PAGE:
Posts Tagged ‘IE Gastronomy club#8217;

27
Jul

Jorge Rausch visits IE Business School’s Area 31

Written on July 27, 2017 by Campus Life in Professional, Social

Having a top chef on a business school campus does not sound like the kind pf activity business students would regularly opt for. But when that top chef is a kitchen rockstar from South America, published author, media figure and innovator, the tables turn. Jorge Rausch is a Colombian chef who, after studying humanities, decided to follow his passion and become a cook. With an initial capital given to him by his grandmother and with the help of his brother (and eventual business partner) he launched Criterión, his first venture in Bogotá. The Rausch brother currently own and operate Bistronomy by Rausch, Rausch Energía Gastronómica, Marea by Rausch, El Gobernador by Rausch, Kitchen by Rausch e Ivory Bistro by Rausch. Criterión has been declared the best restaurants in Colombia in 2013, 2014 and 2015 according to Latin America’s “50 Best Restaurants”. He was also a judge in MasterChef Colombia. Jorge has been applauded by his initiative to catch and cook Lion Fish, who are a threat to other species in the ocean because they are merciless predators.
Ernesto Méndez Chiari
IE Gastronomy Club

19
May

IE’s Gastronomy Club wants to provide the IE community with exceptional culinary experiences that are both educational and delicious. With the help of Campus Life and the Spanish Royal Academy of Gastronomy we invited Florencio Sanchidrián to campus. Mr. Sanchidrián is the world’s most renowned jamón cutter and was named global ambassador for jamón ibérico. He has pleased the palates of some of the world’s most powerful leaders and famous celebrities. Mr. Sanchidrián introduced the history of jamón ibérico de bellota, including how are pigs kept, fed with acorns and groomed, and how is one jamón different from the other.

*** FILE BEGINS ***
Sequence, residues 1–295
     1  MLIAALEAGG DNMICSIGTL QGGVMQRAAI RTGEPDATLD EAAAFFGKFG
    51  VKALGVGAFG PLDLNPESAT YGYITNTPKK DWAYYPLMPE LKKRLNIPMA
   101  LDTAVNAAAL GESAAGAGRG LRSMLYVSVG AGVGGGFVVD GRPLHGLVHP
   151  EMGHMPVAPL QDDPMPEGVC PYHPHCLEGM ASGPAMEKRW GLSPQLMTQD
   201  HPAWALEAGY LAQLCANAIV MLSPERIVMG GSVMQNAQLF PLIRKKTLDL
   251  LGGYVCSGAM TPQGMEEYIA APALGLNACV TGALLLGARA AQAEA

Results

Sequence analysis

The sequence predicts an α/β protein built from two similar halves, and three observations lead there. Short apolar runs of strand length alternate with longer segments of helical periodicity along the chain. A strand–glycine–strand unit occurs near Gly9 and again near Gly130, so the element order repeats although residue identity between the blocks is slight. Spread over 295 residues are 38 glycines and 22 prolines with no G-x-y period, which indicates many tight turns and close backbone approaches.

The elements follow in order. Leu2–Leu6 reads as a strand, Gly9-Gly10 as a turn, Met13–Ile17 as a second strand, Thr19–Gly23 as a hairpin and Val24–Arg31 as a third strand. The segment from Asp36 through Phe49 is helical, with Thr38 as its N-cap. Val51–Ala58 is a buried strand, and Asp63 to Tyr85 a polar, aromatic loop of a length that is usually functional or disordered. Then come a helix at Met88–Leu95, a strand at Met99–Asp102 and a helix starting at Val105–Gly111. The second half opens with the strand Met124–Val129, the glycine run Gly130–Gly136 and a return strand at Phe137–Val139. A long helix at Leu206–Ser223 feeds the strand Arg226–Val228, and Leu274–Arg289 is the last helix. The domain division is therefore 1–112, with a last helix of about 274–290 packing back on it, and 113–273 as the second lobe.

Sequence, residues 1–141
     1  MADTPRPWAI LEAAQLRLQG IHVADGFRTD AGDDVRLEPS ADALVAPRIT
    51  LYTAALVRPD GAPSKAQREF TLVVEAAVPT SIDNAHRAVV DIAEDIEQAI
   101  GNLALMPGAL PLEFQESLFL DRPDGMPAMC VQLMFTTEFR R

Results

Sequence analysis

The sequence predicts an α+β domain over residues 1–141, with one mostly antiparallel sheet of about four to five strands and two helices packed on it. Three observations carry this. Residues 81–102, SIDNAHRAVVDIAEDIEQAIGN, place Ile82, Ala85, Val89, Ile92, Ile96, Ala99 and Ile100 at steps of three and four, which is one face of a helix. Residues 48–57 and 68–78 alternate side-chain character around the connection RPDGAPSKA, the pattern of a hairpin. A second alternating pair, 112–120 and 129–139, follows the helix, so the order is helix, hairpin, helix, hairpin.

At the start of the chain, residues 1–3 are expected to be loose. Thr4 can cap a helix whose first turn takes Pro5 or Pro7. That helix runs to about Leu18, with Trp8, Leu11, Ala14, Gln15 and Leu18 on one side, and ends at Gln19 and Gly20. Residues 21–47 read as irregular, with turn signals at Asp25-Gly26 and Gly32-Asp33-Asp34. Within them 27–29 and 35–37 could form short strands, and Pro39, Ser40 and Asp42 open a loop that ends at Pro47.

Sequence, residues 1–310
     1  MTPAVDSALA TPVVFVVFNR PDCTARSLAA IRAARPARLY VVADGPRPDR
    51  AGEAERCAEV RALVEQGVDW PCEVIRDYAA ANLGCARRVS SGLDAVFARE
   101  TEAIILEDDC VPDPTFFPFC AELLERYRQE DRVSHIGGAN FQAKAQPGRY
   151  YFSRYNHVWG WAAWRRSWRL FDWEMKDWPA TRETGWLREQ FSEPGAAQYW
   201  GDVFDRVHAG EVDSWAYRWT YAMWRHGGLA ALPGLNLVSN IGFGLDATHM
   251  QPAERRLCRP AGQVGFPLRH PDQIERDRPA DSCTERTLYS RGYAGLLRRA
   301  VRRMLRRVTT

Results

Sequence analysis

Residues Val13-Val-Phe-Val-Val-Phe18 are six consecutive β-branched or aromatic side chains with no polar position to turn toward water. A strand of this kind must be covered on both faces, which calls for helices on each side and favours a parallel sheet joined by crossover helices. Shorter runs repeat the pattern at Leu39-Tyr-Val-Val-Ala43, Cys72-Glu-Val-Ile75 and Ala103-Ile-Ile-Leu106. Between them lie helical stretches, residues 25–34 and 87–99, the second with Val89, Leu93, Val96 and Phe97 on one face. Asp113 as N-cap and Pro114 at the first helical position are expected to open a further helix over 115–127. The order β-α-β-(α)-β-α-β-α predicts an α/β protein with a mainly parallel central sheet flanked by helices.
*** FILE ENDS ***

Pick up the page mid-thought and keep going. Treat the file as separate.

An intrinsic element to Spanish gastronomy and life, ham or jamón is always present. No dinner, celebration or cocktail is complete without it. After his poetic and passionate speech about jamón, he proceeded to cut the leg, or paleta. It took him an hour and a half to do so. In just one of these massive legs you can find seven different flavors. They correspond to areas with the amount fat, a product of how the leg is hung down for years, the muscle and such. The ham is cut in thin slices, folded to preserve the smell and taste and may be given directly to the guest or served in plates.

The evening was an ode to jamón. After all, jamón’s purpose is to please our palates and help us celebrate life.

Ernesto Méndez Chiari
IE Gastronomy Club

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